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Changing the game: How Flux is combating accelerator fatigue

Some of the Flux 2017 cohort

With so many accelerators and incubators in the New Zealand market right now, entrepreneurs would be forgiven for being overwhelmed by choice. But an Icehouse initiative called Flux has just completed its first cohort, and wants to change the game when it comes to the traditional accelerator model. We talk with accelerator manager Clinton Geissler about how it's shaking up the usual formula. 

Flux all begun last year when Mark MacLeod-Smith, Flux’s director and the former programme director of Lightning Lab Auckland, saw an opportunity for a new model of accelerator.

Geissler, who came on board as co-founder and operating partner, says the pair were observing the flaws in the design of the usual accelerator model, where founders would come in and have to be polished and pitch ready within three months.

“We didn’t think they were being made business-ready, based off feedback from investors, previous Lightning Labs and the alumni of accelerators – the percentage of teams that got funded at demo day and had gone on to do things was dropping over time,” Geissler says.

“We had in house investment funds like Tuhua alongside investment groups including Ice Angels, ArcAngels and connections with tonnes of portfolio companies – we had the resources, so it was seeing an opportunity to do something with it.”

The pair pooled together their investor connections and launched Flux. The model works as follows: once a year, Flux invests between $20,000 to $100,000 into six to eight early-stage technology companies and works with them over a six-month period out of The Icehouse from February to August.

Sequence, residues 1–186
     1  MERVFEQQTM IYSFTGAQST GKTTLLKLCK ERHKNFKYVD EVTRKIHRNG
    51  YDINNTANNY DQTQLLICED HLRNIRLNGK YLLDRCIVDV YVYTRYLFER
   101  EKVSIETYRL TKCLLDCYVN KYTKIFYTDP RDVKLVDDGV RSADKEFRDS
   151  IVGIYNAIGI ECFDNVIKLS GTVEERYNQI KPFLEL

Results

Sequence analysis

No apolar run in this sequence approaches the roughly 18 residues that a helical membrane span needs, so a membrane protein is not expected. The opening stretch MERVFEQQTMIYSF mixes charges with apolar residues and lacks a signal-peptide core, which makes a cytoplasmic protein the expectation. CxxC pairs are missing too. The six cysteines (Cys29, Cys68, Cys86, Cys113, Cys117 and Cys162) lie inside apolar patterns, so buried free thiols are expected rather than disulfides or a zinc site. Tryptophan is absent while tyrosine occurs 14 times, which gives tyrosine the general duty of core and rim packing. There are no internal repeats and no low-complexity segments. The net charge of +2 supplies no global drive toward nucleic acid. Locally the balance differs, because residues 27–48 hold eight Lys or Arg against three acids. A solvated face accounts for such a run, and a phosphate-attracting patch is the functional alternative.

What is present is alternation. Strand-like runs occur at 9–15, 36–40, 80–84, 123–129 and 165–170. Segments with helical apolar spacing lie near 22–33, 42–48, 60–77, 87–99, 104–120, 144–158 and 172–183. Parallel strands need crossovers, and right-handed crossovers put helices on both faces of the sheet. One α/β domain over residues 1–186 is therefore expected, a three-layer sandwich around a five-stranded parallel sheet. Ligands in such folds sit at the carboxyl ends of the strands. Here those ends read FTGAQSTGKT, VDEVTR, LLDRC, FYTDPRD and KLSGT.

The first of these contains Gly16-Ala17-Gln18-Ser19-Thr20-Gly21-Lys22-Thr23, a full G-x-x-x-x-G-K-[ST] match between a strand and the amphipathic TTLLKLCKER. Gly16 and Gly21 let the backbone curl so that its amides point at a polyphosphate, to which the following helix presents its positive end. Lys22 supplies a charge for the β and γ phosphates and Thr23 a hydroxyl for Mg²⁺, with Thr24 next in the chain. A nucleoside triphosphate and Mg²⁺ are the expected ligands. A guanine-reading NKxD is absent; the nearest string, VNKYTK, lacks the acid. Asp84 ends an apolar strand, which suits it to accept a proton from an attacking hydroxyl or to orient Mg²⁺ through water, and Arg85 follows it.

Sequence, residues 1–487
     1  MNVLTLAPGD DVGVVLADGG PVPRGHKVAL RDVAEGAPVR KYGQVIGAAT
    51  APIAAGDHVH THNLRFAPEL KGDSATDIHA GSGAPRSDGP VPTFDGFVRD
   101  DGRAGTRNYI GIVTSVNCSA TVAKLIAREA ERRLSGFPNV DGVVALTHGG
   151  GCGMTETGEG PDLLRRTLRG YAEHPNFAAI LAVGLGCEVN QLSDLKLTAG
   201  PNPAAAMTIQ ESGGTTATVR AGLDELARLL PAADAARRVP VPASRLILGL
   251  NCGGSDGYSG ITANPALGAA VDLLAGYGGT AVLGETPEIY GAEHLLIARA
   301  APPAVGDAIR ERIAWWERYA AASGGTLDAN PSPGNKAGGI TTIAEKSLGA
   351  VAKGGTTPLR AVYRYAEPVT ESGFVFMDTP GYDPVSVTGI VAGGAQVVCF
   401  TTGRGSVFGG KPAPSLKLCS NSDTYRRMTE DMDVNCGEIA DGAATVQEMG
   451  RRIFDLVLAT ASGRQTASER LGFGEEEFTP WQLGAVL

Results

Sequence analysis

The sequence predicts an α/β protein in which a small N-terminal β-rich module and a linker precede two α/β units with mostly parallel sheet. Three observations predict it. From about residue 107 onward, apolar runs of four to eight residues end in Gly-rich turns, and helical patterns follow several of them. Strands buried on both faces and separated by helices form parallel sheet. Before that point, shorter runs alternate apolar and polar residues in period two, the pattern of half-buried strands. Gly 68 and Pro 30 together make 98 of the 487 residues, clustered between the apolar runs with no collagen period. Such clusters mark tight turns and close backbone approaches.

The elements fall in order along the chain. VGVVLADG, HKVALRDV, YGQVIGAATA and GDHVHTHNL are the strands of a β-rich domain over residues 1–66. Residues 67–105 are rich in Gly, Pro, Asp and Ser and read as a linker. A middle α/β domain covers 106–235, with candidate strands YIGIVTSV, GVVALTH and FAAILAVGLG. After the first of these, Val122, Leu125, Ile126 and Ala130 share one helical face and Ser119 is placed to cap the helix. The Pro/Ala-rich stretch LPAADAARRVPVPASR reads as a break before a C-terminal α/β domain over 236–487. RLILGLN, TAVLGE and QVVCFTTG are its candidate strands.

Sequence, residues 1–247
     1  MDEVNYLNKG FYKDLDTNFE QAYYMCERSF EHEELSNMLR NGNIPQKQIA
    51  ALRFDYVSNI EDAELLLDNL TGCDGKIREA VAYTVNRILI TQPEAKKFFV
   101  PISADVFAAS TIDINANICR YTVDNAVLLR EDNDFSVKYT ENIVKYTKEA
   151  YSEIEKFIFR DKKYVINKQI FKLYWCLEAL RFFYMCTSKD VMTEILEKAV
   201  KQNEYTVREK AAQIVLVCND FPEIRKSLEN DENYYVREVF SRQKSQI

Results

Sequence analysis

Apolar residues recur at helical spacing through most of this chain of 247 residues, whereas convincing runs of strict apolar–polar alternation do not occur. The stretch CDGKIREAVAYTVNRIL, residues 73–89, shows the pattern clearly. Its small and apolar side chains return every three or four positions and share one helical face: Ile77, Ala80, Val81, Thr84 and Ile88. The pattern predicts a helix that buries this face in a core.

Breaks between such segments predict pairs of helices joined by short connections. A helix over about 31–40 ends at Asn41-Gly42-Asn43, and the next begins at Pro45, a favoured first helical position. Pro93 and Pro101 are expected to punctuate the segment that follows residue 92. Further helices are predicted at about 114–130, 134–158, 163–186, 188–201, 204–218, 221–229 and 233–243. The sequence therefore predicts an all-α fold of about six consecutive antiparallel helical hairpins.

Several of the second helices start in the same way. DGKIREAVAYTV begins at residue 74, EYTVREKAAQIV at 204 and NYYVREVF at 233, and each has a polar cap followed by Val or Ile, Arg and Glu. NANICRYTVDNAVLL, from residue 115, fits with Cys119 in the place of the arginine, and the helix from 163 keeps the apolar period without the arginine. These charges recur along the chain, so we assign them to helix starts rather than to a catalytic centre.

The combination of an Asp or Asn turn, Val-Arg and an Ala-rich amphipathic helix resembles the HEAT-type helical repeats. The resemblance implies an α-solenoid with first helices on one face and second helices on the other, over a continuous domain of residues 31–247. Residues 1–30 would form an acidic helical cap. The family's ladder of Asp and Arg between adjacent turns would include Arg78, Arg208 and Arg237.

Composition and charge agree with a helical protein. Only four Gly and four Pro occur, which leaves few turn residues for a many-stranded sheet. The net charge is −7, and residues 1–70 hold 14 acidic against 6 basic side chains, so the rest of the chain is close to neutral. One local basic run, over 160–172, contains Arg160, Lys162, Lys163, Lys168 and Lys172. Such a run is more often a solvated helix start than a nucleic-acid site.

In July, it holds a Demo Day where each start-up has the opportunity to pitch to 400 or more of New Zealand’s most active investors to raise further funding.

There are various events and workshops that occur throughout the Flux programme, but the the team also tries to stay out the way where possible, Giessler says.

“Talking to founders who’d been through previous programmes, a lot of the feedback was that they had to spend a lot of time working on things and meeting people that didn’t create value in their business,” he says. “We didn’t want to make it a founder university, we wanted them to do things that create value and not be distracted.”

According to Geissler, two factors stand out as setting Flux apart from other accelerators: Its flexible timelines and its mentor network.

In terms of flexibility, he says founders are under no pressure on when to raise capital.

“We make a commitment to founders to do what’s best for them, raising money within two months like the Social Club, or eight months later like Jude did, while others chose to raise money at demo day.”

With mentors, he says the ideal people they draw in around the Flux participants are people who have built their own companies, but this goes both ways.

The small cohort of companies they take on have to be of a high calibre so the mentors don’t get fatigue either, he says – they want them eager to come back on board each time.

 “If we’re raising money from private investors every year, we want to make sure that over time the model is sustainable. We want them to get excited about investing in early stage companies. They do that by returning money to them over time and working with teams that are of an investable quality and quantity,” he says.